2 Samuel 15:7. After forty years. Some contend that this refers to the time when David was secretly anointed; but as no other record is dated from that time, Josephus seems right in saying “four years” instead of forty. Most critics are agreed that four has been mis-written forty.
2 Samuel 15:25. Carry back the ark of God. Here is a noble mind, a mind great in adversity, and prudent in all his measures. This sorest stroke that ever befel David called all his powers into action, and enkindled his piety to the purest flame: “I will not fear though ten thousand rise up against me.”
Psalms 3:6. God could not fail to save his servant.
2 Samuel 15:27. Art not thou a seer? Seeing the mind of God by the Urim and the Thummim. He sent back the aged priest, as able to do more by counsel and by prayer than he could do in the field.
2 Samuel 15:31. Turn the counsel of Ahithophel into foolishness. Prayers of grief and anguish, like those of Hannah, are surely heard in heaven.
2 Samuel 15:33. Thou shalt be a burden to me. Hushai was now an aged man, and unfit for the campaign; yet his intellectual powers were strong, and his knowledge profound in counsel.
Absalom, on his restoration to the royal favour, as the heir apparent, surrounded his palace with guards, and began to think his father lived too long.
The methods to which he had recourse to seize the throne, were wicked beyond example. He canvassed for the throne under the mask of a wish to be the chancellor. He degraded himself by unsuitable condescensions, for meanness is mostly an attendant on pride. He insulted truth and justice by affirming every cause to be good; and he abused religion by masking treason under the sanctity of paying a vow which had been delayed for six, if not for nine years. When men have attained a certain stage of wickedness, they resemble a carriage in the descent of a hill which has broken the rope, or overpowered the horses: it moves with encreasing velocity, till making a vast leap it is dashed to pieces by its own weight. When God prospers the wicked, it is often with an ultimate view to their greater destruction. Absalom stole away the hearts of the men of Israel, and drew from the court all David’s false or lukewarm friends. He brought many troubles on the best of kings; but he relieved him of a lurking faction, which might have been productive of more fatal mischiefs. It is most to be lamented that he should draw after him so many honest men, who had not the least suspicion of his designs.
In David we have an example of great presence of mind on a terrific occasion. Hearing that the nation in general adhered to his son, he sought safety in flight, and rested his cause with the Lord. When a calamity cannot for the present be avoided, it is no small consolation that providence affords us a retreat till the indignation be overpast.
When the people at large forsook him, the people of God and strangers adhered to his cause. He saw himself surrounded by the priests and the levites, for true religion embraces futurity and has a single eye to the glory of God, and affords therefore the best bonds of friendship in the day of tribulation, and under reverses of providence. The Gittites also who had followed him from Gath, followed him still, because they believed that God had not forsaken his anointed. So when Israel at large set the Saviour at nought, the gentiles adhered to his cause.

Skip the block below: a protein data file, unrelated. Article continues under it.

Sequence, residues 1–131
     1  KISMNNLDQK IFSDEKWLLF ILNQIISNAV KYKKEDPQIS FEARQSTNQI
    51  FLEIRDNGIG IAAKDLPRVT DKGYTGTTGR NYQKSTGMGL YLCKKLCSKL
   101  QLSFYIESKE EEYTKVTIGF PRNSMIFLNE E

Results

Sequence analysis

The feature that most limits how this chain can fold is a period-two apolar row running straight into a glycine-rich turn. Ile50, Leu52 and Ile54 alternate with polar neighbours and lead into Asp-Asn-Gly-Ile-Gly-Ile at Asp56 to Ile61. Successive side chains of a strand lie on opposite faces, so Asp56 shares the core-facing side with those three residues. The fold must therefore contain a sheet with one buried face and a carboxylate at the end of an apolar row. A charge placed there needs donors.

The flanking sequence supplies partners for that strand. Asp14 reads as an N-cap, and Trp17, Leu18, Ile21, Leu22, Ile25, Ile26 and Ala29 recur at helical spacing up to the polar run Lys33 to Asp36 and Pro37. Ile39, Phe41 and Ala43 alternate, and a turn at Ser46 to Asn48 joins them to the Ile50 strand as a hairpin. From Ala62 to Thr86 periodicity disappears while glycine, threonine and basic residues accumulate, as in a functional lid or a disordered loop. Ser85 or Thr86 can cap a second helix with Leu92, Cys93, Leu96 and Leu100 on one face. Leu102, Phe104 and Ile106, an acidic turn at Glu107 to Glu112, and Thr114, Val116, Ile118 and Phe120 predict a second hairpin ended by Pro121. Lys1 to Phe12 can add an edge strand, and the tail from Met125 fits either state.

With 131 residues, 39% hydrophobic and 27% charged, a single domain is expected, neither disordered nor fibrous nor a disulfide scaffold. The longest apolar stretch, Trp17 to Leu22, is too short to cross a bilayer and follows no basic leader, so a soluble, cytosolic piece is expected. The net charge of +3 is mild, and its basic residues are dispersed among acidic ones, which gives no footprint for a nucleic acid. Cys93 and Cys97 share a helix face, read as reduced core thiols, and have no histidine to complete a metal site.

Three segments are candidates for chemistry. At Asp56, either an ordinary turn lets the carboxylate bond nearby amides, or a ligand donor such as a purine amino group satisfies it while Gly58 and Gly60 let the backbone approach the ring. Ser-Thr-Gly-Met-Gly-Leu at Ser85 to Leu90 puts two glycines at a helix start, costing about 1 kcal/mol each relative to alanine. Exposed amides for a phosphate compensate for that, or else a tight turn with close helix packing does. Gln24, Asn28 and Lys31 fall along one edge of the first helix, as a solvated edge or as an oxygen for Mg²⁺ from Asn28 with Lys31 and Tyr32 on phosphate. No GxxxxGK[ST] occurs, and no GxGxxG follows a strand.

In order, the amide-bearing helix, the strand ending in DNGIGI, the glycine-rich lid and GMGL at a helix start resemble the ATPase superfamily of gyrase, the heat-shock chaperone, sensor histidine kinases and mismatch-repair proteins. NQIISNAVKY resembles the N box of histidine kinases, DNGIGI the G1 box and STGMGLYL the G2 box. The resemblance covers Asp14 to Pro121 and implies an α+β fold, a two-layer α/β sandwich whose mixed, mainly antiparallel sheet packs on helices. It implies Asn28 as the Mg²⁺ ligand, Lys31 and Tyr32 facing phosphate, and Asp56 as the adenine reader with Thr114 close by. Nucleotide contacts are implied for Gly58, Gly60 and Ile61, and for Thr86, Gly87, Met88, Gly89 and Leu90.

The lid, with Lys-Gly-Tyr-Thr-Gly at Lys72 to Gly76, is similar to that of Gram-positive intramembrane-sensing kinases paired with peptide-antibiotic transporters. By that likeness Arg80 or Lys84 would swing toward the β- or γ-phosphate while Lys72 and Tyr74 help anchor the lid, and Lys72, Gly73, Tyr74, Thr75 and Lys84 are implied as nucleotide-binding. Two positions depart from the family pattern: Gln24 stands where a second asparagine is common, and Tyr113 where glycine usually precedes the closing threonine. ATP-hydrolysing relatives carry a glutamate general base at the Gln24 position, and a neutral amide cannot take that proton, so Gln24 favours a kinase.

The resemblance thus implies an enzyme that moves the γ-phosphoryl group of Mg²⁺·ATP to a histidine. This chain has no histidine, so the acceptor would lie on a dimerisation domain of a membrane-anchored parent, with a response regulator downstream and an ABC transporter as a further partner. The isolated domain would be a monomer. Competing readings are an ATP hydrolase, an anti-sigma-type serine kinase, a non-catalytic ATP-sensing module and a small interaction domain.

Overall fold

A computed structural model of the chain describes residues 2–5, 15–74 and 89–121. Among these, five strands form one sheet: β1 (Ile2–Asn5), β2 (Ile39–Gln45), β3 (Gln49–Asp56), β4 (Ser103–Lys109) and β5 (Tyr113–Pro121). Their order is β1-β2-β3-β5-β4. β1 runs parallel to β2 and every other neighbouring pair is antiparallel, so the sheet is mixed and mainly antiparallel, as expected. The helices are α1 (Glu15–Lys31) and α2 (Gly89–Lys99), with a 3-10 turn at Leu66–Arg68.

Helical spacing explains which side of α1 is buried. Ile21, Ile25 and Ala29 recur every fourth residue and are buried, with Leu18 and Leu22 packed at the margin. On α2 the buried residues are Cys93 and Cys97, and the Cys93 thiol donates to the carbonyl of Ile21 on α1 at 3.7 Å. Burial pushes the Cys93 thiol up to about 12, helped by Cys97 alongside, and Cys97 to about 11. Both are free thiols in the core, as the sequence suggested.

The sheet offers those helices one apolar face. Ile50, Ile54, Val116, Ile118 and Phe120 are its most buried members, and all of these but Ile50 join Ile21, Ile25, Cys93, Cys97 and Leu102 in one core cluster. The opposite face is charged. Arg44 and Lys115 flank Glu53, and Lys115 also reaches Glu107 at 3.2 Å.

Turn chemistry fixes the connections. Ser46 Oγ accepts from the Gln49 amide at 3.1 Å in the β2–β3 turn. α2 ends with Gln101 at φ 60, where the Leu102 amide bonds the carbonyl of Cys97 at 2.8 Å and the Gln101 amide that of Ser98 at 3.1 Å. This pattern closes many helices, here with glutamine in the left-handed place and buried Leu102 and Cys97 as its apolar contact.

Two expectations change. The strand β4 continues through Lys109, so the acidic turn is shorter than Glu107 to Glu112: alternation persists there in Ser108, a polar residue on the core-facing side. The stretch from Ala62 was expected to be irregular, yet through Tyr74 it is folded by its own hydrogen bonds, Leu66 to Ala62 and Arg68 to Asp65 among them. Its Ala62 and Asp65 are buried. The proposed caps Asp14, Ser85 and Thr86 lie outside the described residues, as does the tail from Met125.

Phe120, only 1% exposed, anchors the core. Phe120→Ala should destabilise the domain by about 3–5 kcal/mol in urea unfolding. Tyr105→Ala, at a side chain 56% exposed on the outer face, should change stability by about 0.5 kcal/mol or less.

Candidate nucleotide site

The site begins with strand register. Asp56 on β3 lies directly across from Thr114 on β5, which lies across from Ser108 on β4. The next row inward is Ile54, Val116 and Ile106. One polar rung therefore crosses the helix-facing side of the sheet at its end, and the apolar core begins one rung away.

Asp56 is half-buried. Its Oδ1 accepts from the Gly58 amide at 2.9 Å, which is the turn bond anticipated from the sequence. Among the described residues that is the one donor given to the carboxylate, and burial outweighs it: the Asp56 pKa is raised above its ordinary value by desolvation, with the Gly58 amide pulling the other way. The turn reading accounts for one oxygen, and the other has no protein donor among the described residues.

But David, on leaving Jerusalem, had a thousand piercing reflections. He knew not whether God would cast him off, but he rested his cause with the disposer of all events, and would not therefore take away the ark. He now recalled all his sins; he walked barefoot, and wept as he went. Nathan’s words returned in all their force: “I will stir up evil against thee in thine own house.” His grievous cruelty to Uriah, and the excess of lenity to both his wicked sons, most afflicted his mind; and therefore, though he adopted prudent measures for the safety of his friends, he seemed almost indifferent what the Lord should do with him. Here piety shone forth as the gold melted and refined in the furnace; for affliction makes manifest the thoughts of the heart.
David had scarcely thus commended his cause to God, before a new wound was inflicted, and a wound in the tenderest part. Ahithophel, his friend and counsellor, he was told, had joined the conspirators; and more is often to be feared from wisdom than from might. But Hushai, another counsellor, presenting himself, David thought proper to employ counsel against counsel. The case being altogether out of the common way, we must be slow to blame the conduct of the king; for God availed himself of Hushai to gain time for David, and undo the rebels. Let us therefore learn to trust in David’s God. If he brings us into straits and difficulties, he will also, in one way or other, bring us out again: and if he shorten our lives by a series of calamities, it shall be for our greater sanctification and eternal glory.
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Sutcliffe, Joseph. "Commentary on 2 Samuel 15". Sutcliffe's Commentary on the Old and New Testaments. https://www.studylight.org/
the Second Week after Epiphany